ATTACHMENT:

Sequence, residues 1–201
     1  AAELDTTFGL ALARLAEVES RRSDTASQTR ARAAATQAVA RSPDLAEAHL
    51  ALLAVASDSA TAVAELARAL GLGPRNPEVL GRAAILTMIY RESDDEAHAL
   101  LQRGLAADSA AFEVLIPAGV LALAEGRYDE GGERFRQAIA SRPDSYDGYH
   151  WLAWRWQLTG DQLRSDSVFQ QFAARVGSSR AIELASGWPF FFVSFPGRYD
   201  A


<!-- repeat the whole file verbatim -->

Sequence, residues 1–201
     1  AAELDTTFGL ALARLAEVES RRSDTASQTR ARAAATQAVA RSPDLAEAHL
    51  ALLAVASDSA TAVAELARAL GLGPRNPEVL GRAAILTMIY RESDDEAHAL
   101  LQRGLAADSA AFEVLIPAGV LALAEGRYDE GGERFRQAIA SRPDSYDGYH
   151  WLAWRWQLTG DQLRSDSVFQ QFAARVGSSR AIELASGWPF FFVSFPGRYD
   201  A